To be fair, this book had a lot of potential, and yes, it does take you on a hugely action packed adventure, whether that be fighting skeletons, riding with pirates, toppling an evil queen, feeding a giant colossus ... the list goes on. This type of packed adventure will undoubtedly please and excite its 10 year + age group. And in particular, when everything comes to a head in the form of magical battle at the end of the book against the 'Wind Witch' - it gets very exciting indeed! But I'm afraid, for me at least, this is where the positives end. I have numerous qualms with this lengthy book, it's almost difficult to know where to start.

I guess the first qualm is with the writing itself. It must be very difficult writing a book with two authors; each taking a turn to write a chapter before swapping over - and the two voices here are obvious, yet neither successful. It suffers from way too many cliches and badly formed descriptions. At times the books is written quite formally, whereas in other parts, colloquialisms take over and it can get a little confusing. The viewpoints change mid paragraph sometimes also and one of the most obvious signs of poor technique is when a character describes their own blue eyes - how can they see what their eyes are doing if they aren't looking in a mirror. "If Bellamy Walker had wanted to press assault charges, she could have," is a perfect example of how ridiculous some of the sentences are. In this example, the children are glad of their parents being alive and hug her.

You really need to connect, care or like the characters in a book to really love it, yet the three children in here are pretty annoying. They just got on my nerves I'm afraid. Even child simply fits into a typical American stereotype, Cordelia being a book 'nerd', Brendon being a computer game playing, sports lad and Nell being, well, totally over the top. She's meant to be about 8 years old, but she watches Game of Thrones and talks as if she was a late teenager. In fact distinguishing between the three characters is paper thin most of the time. They never develop as characters, are often contradictory and really emotionless in the bigger impact moments. There is one moment where they think their parents are dead, and apart from one paragraph where they are sad, the next page moves along discarding the emotional seriousness of this realisation. In fact, in the next page, Brandon goes to try and 'chat up' a girl.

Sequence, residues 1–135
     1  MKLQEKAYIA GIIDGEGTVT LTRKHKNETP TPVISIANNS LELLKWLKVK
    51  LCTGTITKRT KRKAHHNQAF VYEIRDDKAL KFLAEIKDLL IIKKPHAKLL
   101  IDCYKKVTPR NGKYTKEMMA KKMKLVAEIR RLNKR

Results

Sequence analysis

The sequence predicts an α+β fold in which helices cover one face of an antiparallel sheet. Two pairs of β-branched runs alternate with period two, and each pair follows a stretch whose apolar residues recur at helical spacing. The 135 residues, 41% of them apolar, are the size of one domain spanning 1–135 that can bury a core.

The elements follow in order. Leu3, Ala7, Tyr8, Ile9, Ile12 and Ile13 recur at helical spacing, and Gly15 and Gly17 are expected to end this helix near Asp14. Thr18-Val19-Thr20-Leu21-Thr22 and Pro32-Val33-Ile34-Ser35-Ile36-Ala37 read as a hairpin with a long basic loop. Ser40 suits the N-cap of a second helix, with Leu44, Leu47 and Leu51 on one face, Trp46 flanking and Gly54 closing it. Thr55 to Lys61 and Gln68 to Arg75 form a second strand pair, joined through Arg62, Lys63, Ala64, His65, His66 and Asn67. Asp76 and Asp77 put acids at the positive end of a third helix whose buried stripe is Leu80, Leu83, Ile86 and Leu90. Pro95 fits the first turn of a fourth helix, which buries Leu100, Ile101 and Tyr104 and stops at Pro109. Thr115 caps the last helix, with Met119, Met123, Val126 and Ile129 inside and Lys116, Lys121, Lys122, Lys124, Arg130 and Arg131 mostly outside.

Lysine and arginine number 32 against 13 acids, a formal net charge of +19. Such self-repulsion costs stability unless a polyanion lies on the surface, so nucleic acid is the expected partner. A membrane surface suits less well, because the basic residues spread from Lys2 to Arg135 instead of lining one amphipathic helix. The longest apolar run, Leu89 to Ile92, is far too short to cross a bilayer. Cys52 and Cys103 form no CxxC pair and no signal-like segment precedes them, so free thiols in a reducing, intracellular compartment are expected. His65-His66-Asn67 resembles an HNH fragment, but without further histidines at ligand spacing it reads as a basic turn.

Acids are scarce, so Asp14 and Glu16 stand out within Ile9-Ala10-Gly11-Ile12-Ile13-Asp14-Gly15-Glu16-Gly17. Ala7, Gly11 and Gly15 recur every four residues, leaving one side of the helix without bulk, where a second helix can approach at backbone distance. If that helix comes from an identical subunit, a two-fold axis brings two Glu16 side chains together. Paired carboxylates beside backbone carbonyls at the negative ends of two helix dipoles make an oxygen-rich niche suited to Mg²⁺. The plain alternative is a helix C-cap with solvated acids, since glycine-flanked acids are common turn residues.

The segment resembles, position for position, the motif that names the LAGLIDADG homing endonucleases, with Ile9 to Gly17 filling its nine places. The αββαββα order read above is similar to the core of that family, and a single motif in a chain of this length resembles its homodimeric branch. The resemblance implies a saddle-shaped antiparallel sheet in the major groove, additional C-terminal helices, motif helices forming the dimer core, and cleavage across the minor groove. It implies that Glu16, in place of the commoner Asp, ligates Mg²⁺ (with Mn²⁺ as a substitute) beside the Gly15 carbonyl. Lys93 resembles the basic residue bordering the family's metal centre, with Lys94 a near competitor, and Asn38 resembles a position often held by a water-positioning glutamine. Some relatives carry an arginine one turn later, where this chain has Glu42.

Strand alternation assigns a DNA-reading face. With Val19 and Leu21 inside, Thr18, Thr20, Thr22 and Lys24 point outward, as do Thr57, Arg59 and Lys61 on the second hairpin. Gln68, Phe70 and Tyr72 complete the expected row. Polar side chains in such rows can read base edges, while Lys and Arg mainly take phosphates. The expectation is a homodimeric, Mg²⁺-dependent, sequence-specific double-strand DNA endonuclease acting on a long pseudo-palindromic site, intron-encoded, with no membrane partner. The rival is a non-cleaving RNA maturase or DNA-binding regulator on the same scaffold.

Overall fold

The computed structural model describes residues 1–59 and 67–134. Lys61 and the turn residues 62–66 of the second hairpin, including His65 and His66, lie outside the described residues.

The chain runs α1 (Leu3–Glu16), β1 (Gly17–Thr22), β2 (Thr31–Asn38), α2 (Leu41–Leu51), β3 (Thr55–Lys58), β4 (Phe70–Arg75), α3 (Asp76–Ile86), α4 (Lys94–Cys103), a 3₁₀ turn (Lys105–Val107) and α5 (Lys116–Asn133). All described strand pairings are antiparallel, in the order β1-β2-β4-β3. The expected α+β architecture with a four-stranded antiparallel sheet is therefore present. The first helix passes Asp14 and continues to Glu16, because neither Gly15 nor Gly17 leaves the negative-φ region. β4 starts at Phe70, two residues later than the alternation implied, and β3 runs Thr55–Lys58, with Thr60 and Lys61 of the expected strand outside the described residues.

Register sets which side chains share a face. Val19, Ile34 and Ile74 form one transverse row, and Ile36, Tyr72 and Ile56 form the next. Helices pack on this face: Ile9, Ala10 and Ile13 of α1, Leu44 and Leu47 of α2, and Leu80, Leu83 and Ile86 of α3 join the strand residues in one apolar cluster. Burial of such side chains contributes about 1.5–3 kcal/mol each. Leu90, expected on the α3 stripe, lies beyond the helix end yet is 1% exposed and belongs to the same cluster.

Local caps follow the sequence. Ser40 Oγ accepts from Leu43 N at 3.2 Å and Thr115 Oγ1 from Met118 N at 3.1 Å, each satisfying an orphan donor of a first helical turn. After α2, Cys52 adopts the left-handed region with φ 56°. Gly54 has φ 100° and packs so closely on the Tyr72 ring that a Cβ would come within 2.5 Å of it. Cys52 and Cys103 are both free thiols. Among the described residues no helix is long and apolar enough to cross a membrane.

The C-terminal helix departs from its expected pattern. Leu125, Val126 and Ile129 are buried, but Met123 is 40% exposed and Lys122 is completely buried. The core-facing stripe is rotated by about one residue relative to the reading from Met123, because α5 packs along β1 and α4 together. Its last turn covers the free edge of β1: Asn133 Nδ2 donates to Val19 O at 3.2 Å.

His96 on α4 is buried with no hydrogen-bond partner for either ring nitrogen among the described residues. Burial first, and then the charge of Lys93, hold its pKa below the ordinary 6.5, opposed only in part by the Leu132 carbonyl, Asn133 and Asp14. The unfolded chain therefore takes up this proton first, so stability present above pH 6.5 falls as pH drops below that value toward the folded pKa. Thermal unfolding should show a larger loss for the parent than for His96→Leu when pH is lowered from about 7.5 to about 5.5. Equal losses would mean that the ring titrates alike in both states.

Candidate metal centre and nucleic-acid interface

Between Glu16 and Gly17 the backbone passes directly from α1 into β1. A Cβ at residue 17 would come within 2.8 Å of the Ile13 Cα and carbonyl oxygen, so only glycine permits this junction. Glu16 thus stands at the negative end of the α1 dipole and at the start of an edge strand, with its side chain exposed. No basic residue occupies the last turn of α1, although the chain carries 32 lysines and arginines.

Stereotypes hinder this book too much. They befriend a WWII British pilot about midway through and therein after, all they do is comment on his bad teeth, confirming that derogatory comments like that take centre stage, but also at the same time alienating its English market. The youngest Walker child is also dyslexic and towards the end of the book, Brandon says to Nell: "Like if you wanted to write, 'Brendan stops the Wind Witch', but you dyslexed it up ..." - I'm sorry, but to me that is an outrageous line to put in a children's book. I'm afraid that the two authors are totally naive when it comes to realising how impressionable young children can be, who may pick that up to later bully someone who may be dyslexic.